The future of Oscar Munoz, the CEO of United Airlines, has just been re-accommodated.
You remember him, of course. After airport dragoons dragged a boarded, seated, paying customer off a United aircraft, Munoz’s first PR apology contained what Scholars & Rogues has called the “word of the year”: “I apologize for having to re-accommodate these customers.”
Well, that’s cost him. Munoz had been groomed to move upstairs from CEO to chairman of United Continental Holdings, the airline’s owner. (You do remember, of course, that Continental agreed to merge with United seven years ago.) Well, Munoz won’t get that top job.
United’s twin clusterfucks of policy execution (overbooking issues) and PR aftermath (“re-accommodated”) have derailed Munoz’s career — well, a little. He may lose about $500,000 from his bonus, because it’s tied in part to what airlines call KPI — key performance indicators, as indicated in consumer satisfaction surveys. But don’t shed a tear for Munoz — he received $18.7 million in total compensation for 2016, more than triple that of 2015. Continue reading →
What is a good parent? What is a good grandparent? These terms don’t mean what they used to.
I heard a comment a few weeks ago about someone who wanted to be thought of as a “good ancestor.” It has stuck with me, and I have been wrestling with what, if anything, is meant by the phrase. It’s a serious attempt to capture something that up to a decade or two ago would never have been in question. Up until recently, ancestors generally were good in the same way. They tried to make a career and livelihood for themselves that could be passed on to their children, or to equip their children with the tools necessary to survive and, hopefully, to prosper. My grandparents took this responsibility seriously—this is why some of them emigrated to America from Germany. And this sense of responsibility preceded them by generations, and was passed on to their children, who tried to, and sometimes even succeeded in, passing it on to my generation. Leaving the world a better place was a given.
But the world has changed. All of this took place in a world that seemed to have no limits—natural capital, if it was thought about at all, was thought to be inexhaustible. But we know now that this is not true. Not only is natural capital, the foundation of the global economic system, exhaustible, some parts of it (such as water) are being depleted at a more rapid rate than anyone could have anticipated. Continue reading →
Farmer Moran needed a new workhorse, so he went to the local auction. There he spotted a strong, lean stallion he thought would be fine. He asked the owner about the horse, but the owner advised him against it. “This is Lightning,” he said. “Lightning is a thoroughbred. What you want is a draught horse.”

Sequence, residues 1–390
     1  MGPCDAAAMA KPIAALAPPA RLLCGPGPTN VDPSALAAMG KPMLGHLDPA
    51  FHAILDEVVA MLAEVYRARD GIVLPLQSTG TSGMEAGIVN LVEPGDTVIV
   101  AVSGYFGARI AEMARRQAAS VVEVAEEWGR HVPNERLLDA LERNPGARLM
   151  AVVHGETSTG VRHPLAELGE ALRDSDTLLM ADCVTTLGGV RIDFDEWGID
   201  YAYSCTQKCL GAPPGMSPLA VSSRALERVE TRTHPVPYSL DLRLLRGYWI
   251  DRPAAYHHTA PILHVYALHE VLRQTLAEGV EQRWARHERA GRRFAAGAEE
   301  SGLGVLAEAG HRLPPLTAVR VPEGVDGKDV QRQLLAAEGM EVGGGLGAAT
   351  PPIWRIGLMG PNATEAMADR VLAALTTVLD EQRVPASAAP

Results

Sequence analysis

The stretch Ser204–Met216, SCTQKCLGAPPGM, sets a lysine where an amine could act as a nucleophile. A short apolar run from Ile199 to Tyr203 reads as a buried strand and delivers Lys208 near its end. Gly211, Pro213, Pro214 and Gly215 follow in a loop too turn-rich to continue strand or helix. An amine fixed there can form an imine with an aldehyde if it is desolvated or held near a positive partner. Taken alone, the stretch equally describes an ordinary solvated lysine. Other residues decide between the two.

Moran, though, was confident in his own judgment. Undeterred, he outbid everyone for Lightning.
He got the horse home and harnessed him up, but Lightning proved no end of trouble. Continue reading →
The grades are in. The nation’s infrastructure is close to failing.
The 2017 report card of the American Society of Civil Engineers, posted today, gives the infrastructure on which America depends for commerce, defense, recreation, flight, food, water, waste — almost everything — an overall grade of D+.
The 2017 grades range from a B for Rail to a D- for Transit, illustrating the clear impact of investment – or lack thereof – on the grades. Three categories – Parks, Solid Waste, and Transit – received a decline in grade this year, while seven – Hazardous Waste, Inland Waterways, Levees, Ports, Rail, Schools, and Wastewater – saw slight improvements. Six categories’ grades remain unchanged from 2013 – Aviation, Bridges, Dams, Drinking Water, Energy, and Roads.
The areas of infrastructure that improved benefited from vocal leadership, thoughtful policymaking, and investments that garnered results.
Scholars & Rogues has long considered addressing the nation’s infrastructure needs essential for the nation’s economic, cultural, resource, and domestic security (see here, here, here, and here). Continue reading →
Uber says they’ll stop using Greyball. But this is only the latest outrage from America’s most incorrigibly corrupt business. Time to#DeleteUBER. As in, delete the company. Permanently.
You may say I’m a dreamer / But I’m not the only one
The American corporation exists for one purpose: to “maximize shareholder value.” Thanks to a variety of factors, including a Supreme Court decision that codified this particularly sociopathic view, employees don’t matter, communities don’t matter, the environment doesn’t matter, and really the only commandment when it comes to bending the rules is “thou shalt not get caught.” Continue reading →
Paul Kingsnorth is a British writer, of both fiction and non-fiction. His fiction includes The Wake, nominated for the Booker a few years ago, which involved him creating a variant of Old English to tell the story. His non-fiction includes Real England, published more than ten years ago, but still topical in its description of the alienation even then afflicting England’s middle and working classes—much like the US. More recently, he has been involved in establishing a group, Dark Mountain, which describes itself as “a network of writers, artists and thinkers who have stopped believing the stories our civilisation tells itself.” That’s a pretty good description of where many of us are these days.